UN BiodiversityFILE - In this Sept. 6, 2017 photo provided by the National Oceanic and Atmospheric Administration (NOAA), fish swim in a reef at Pearl and Hermes Atoll in the Northwestern Hawaiian Islands. A decade-long effort by the world to save the world’s disappearing species and declining ecosystems has mostly failed so far, with fragile ecosystems like coral reefs and tropical forests in even more trouble than ever, according to a United Nations biodiversity report released on Tuesday, Sept. 15, 2020. (Jacob Asher/NOAA via AP)
A decade-long global effort to save Earth's disappearing species and declining ecosystems has mostly stumbled, with fragile habitats like coral reefs and tropical forests in more trouble than ever, researchers said in a report Tuesday.
In 2010, more than 150 countries agreed to goals to protect nature, but the new United Nations scorecard found that the world has largely failed to meet 20 different targets to safeguard species and ecosystems.
Six of those 20 goals were “partially achieved,” and the rest were not.
If this were a school and these were tests, the world has flunked, said Elizabeth Maruma Mrema, executive secretary of the U.N. Convention on Biological Diversity, which released the report.
Inger Andersen, who leads the U.N. environment program, called it a global failure.
“From COVID-19 to massive wildfires, floods, melting glaciers and unprecedented heat, our failure to meet the Aichi (biodiversity) targets — protect our our home — has very real consequences,” Andersen said. “We can no longer afford to cast nature to the side.”
In a Tuesday interview with The Associated Press, former U.N. Secretary-General Ban Ki-Moon connected the problems to “a lack of global partnership and political leadership." He said multilateralism has been under attack, citing the United States' withdrawal from the Paris climate change agreement as an example.
The U.N. team and report authors said the study is not meant to stoke despair, but to galvanize governments to take stronger actions over the next decade to protect the diversity of life.
“Some progress has been made, but inadequate progress. A lot still needs to be done,” Mrema said. “The key is to get the political will and the commitment.”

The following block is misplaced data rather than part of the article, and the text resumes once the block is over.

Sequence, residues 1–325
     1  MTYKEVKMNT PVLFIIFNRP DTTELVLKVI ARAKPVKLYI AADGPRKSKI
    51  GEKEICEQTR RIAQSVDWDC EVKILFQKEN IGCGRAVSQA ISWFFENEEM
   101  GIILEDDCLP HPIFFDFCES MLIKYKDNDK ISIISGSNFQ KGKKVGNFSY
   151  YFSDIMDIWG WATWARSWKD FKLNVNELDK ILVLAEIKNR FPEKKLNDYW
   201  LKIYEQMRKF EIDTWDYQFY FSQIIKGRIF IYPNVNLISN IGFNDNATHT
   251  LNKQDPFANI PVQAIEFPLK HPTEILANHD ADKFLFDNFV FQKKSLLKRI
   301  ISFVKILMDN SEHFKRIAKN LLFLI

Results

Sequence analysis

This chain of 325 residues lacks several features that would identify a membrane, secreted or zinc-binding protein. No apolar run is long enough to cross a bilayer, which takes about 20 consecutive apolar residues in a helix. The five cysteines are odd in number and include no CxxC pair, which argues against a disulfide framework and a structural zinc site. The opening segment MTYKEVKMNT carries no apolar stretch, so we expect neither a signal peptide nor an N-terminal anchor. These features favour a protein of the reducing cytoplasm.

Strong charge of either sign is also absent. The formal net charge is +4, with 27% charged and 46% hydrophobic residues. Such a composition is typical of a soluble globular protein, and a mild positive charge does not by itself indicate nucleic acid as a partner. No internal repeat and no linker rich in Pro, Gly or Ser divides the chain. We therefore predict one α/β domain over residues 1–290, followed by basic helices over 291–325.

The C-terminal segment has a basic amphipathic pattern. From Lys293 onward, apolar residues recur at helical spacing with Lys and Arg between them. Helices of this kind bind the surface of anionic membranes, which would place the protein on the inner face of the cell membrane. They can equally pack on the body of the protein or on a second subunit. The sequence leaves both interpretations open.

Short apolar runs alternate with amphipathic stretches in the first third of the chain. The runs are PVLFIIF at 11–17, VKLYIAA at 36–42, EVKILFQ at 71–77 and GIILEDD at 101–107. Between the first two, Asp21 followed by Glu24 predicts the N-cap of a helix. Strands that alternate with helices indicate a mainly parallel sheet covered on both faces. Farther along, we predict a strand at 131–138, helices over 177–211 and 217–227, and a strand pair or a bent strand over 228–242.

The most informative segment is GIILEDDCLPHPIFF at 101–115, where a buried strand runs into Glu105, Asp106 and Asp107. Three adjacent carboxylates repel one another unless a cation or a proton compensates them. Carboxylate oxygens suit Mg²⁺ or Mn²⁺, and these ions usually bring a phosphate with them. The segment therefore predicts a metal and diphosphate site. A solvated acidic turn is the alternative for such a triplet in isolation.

Duke University ecologist Stuart Pimm, who was not involved in the new report, said it's good that countries are getting together to examine their biodiversity goals but some of the targets are nebulous. Reducing "everything on the planet to single scores” obscures the fact that the picture may look different in different places, he said.
For years, conservation activists have used the polar bear as a poster child for species in trouble — especially those threatened by climate change, which the report connects to biodiversity loss. But Mrema and lead author David Cooper said the world should think about a different poster animal: humans.
“A lot of things civilizations depend on are certainly threatened,” he said.
The report was originally slated to be released at a U.N. conference to set biodiversity targets for the next decade, but the event in Kunming, China, was postponed until next year due to the pandemic.
Last week, the World Wide Fund for Nature released new research detailing how monitored populations of mammals, birds, amphibians, reptiles and fish have declined, on average, 68%, between 1970 and 2016.
“With pandemic deaths surging and wildfires raging across the entire West Coast, never have the consequences of our misuse and abuse of the natural world been more clear,” said Julia Baum, a biologist at Canada’s University of Victoria who wasn't part of the report.
As countries prepare to restart their economies after combating the coronavirus, there's an opportunity to do better — or much worse — for the planet, Cooper said.
“Some countries are relaxing environmental regulations, but others are investing in a green recovery," he said.
One of the challenges in meeting global biodiversity targets is a mismatch between countries with abundant natural assets — such as large tracts of intact tropical forests — and those with money to enforce protections.
“The biodiversity hotspots tend to be in poorer countries,” and wealthy countries need to be willing to provide financial or practical support to help other nations, Cooper said.
Dalhousie University marine biologist Boris Worm, who also wasn’t part of the report, said the world is at a crossroads.
"We still have the chance to save most of the world's endangered species and vulnerable ecosystems,” Worm said. “Now we face a historic choice to either seize this opportunity, and rebuild what has been lost, or to let the world’s species slide further into oblivion.”
He said it’s striking that Earth’s biodiversity took millions of years to evolve, “yet we could destroy much of it in a matter of decades — or safeguard it for generations to come.”
"It’s our choice,” he added.
AP writer Elias Meseret contributed from Addis Ababa, Ethiopia.
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